Job Insurance – Part 12 (Finance)

In Budget Politics, Economic Planning, Economics, Financial Crisis, Full Employment, History and Politics, Liberalism, New Deal, Political Ideology, Politics of Policy, Progressivism, Public Policy, Regulation, Social Democracy, Social Policy, Taxes, Welfare State, WPA on November 16, 2009 at 1:05 pm

Introduction:

In previous installments of the Job Insurance series, I’ve used a simple $20 a month premium, split 50/50 between workers and their employers, to give a rough idea about how a Job Insurance program could be financed as a significant new social insurance program, without creating a heavy fiscal burden.

However, there are important alternatives for financing a Job Insurance program that should be considered – especially as we think of how to construct a jobs bill without triggering an internal struggle with our party’s “deficit hawks.”

Why Social Insurance:

In my segment on jobs for youth, a commenter asked why people in need of work should have to pay a premium to be eligible. This is a very fair question, and the answer largely boils down to a mix of politics and policy. Politically, social insurance programs are much harder to attack than non-contributory social programs. The usual methods of de-legitimization don’t work – beneficiaries are workers, not an easily stigmatized group of unemployed poor; the benefits they receive aren’t “government handouts” but “getting their money back” and the program tends to be more universally open (at least in the sense that everyone will eventually gain access), as opposed to “giving your tax dollars away to [insert minority here].” In the minds of voters, they feel that their contributions gave them an “earned right” to their benefits, and that this makes the program inherently more “fair” than a non-contributory program; voters are also more likely to identify themselves with beneficiaries, rather than viewing them as some disliked “other.” That’s why Social Security and Medicare are politically untouchable, to the point where conservatives have essentially had to give up on trying to eliminate them, and now try to use them to block health care reform.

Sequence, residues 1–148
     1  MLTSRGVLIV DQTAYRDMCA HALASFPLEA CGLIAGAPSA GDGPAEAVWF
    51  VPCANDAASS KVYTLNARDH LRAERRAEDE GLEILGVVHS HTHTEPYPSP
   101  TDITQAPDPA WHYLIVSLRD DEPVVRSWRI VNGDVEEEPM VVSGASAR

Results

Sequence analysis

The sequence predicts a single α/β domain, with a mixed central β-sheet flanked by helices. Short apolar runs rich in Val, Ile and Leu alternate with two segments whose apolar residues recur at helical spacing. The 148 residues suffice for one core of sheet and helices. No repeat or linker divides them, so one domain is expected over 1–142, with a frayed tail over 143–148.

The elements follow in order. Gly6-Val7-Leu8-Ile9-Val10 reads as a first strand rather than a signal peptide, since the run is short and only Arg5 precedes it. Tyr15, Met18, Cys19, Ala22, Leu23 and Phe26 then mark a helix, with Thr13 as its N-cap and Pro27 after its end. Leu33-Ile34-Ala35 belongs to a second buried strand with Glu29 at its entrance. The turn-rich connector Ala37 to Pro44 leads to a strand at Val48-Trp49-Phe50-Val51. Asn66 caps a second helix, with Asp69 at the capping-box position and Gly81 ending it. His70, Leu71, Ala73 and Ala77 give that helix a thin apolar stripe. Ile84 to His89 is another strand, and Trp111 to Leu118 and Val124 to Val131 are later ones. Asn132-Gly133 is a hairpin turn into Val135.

Policy-wise, the advantage of designing a social policy as social insurance is that it creates a certain element of independence from the party in power. Programs that are funded through general taxation and the regular budgetary process can be de-funded the moment that one party loses their majority and is replaced by the opposition, and this is just as true of social policy as any other. When a conservative majority gradually formed in Congress between 1938 and the 1940s, FDR saw many of his New Deal spending programs phased out – with the significant exception of the Social Security system, which didn’t need Congressional appropriations thanks to its payroll tax-driven Trust Fund. Similarly, much of LBJ’s Great Society and War on Poverty programs were eliminated between the end of his presidency and the rise of Reagan – again, because many of those programs depended on Congressional appropriations for survival.

A premium-financed Job Insurance program would thus be constantly generating revenue (at about $37 billion a year), allowing it to fund jobs programs without having to go hat-in-hand to a potentially hostile Congress. At the same time, creating an enormous constituency of 150-odd million workers who’ve paid their dues and expect to get a job when they get laid off, as well as a smaller but significant constituency of Job Insurance alumni who have positive memories of the program would make it much harder for even a conservative Congress to repeal Job Insurance once enacted.

How to Finance:

However, it is also true that a flat premium – just like the FICA tax that funds Social Security and Medicare or the FUTA/SUTA tax that funds Unemployment Insurance – is just one option, and that there are other funding mechanisms than a $20/month premium.

1% Payroll Tax – in many ways, a 1% payroll tax would simply be an extension of the $20 premium, but it illustrates why historically we’ve turned to payroll taxes to fund some of our largest social policy programs – they can raise an enormous amount of money, especially if you’re dealing with a periodic event like a recession and can build up a reserve in the meantime. Given an average weekly earnings of $619, a 1% payroll tax (average of $25 a month, split to $12.50/$12.50) would generate $46.2 billion a year. This level of revenue would allow for a 5 million job reserve within four years, enabling the Job Insurance system to cope with even quite severe recessions.